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Friday, 12 July 2013

Student documentary tells story behind one wrongful conviction


Johnnie Lee Savory left the room a few seconds after the film started playing. He later re-entered, standing at the back of the room in Annenberg Hall while his story unfolded.
Savory is the subject of a short documentary directed by Medill senior Ashima Singal, highlighting the case that kept Savory in prison for 30 years. A Wasted Life:The Johnnie Lee Savory Story, shown May 16, focuses on Savory’s case and also touches on the weaknesses of the judicial system.
“I had no doubt that I was going to win my case because I never was going to give up,” Savory said.
The film runs about 15 minutes and consists of various interviews, each concerning the charges against Savory and the proceedings of his case. The early interviews quickly move from discussing a man to debating the question of Savory’s innocence. The conflicting opinions act as an introduction to the primary focus of the film: Savory’s legal case.
Savory, arrested at the age of 14, spent 30 years in prison for the murder of two teenagers, maintaining his claim of innocence for the duration of his incarceration. The film highlights the inaccuracies in the case against Savory and different problems within the judicial system that resulted in three decades spent in prison.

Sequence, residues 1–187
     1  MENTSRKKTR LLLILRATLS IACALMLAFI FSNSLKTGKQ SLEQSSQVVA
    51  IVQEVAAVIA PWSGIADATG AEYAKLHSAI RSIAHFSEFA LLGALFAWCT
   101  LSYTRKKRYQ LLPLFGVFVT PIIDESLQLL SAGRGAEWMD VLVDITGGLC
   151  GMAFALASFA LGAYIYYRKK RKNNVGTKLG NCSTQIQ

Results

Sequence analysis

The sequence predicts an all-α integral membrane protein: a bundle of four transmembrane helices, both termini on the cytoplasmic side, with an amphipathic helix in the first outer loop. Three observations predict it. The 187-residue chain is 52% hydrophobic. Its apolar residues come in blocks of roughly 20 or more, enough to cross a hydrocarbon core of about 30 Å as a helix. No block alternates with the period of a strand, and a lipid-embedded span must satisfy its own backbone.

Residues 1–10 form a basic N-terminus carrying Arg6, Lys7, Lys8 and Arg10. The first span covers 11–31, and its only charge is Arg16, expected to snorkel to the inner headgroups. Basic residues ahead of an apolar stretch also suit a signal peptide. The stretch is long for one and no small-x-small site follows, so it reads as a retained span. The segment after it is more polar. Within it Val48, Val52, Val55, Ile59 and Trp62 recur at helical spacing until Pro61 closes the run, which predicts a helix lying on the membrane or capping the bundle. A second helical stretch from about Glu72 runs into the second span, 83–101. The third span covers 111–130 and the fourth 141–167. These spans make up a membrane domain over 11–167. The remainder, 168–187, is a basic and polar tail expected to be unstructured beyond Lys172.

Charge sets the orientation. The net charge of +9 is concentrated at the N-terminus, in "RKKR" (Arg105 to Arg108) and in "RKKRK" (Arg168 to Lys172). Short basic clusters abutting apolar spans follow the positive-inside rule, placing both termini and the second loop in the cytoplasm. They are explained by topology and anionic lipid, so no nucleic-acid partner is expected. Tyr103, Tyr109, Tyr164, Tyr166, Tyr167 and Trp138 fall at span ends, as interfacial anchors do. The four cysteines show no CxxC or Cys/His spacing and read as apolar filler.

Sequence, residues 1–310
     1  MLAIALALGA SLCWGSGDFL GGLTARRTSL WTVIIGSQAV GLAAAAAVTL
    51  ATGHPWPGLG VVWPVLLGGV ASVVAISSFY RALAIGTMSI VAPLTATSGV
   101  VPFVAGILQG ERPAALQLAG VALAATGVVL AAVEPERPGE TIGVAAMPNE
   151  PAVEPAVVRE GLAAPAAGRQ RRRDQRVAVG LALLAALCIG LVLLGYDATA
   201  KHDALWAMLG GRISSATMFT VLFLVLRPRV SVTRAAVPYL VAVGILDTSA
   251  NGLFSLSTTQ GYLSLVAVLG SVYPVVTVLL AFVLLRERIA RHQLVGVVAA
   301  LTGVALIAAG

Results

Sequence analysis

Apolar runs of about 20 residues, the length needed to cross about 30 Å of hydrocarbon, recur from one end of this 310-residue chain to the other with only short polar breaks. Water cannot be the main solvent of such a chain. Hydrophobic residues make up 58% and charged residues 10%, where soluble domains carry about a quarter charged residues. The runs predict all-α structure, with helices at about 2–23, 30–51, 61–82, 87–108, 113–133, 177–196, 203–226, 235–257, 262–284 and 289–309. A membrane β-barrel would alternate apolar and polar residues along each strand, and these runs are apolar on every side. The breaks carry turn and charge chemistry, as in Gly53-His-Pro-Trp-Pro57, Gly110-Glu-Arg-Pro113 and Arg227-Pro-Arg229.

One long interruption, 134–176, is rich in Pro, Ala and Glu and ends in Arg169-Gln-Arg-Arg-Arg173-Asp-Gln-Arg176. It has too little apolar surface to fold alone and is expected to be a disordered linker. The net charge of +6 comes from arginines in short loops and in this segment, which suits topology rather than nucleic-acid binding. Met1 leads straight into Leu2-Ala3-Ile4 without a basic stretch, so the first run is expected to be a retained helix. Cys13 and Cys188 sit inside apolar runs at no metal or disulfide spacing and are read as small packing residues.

The screening, presented by the Northwestern Community Development Corps (NCDC) and the Undergraduate Lecture Series, was followed by a question-and-answer session with Savory and Singal. They answered questions about legal proceedings, evidence in the case and Savory’s adjustment to life outside of prison.
Savory, who was released on parole in December 2006, said the legal system was different at the time of his arrest.
“Justice was not something that was common to people of color,” he said. “Today we have a voice.”
On the topic of his wrongful conviction, Savory feels the system, specifically the prison review board, is partially to blame. The 15 members on the board were mostly people involved in law enforcement, Savory said, which resulted in bias and prejudice against the accused.
“They have the ‘lock them up and throw away the key’ mentality,” Savory said. “The lack of integrity and honor is always the reason for criminal injustice.”
Since his release, Savory has spent time putting his life back together. He has secured a job, spent time with family members and done “things that most people take for granted.” He said he is also working on an amendment to the judicial system which deals with giving less-harsh sentences for first-time offenders of nonviolent acts.
In addition to returning to a normal life, Savory said he is dedicated to preventing others from suffering injustices such as his. He vowed to go to radio stations, universities and television stations in order to make his story known.
Savory said he respected Singal’s perseverance and commitment to justice. Among the people he credited for his release, including his lawyers, he also said journalists are an integral part of uncovering injustices.
“The camera never lets [people] hide,” he said. “It never lets anyone forget.”
The film, while advocating changes in legal procedures, also works to raise awareness of cases like Savory’s.
“You can’t say you haven’t been exposed to this anymore,” he said after the film, “because at this moment, this day, I entered your lives.”

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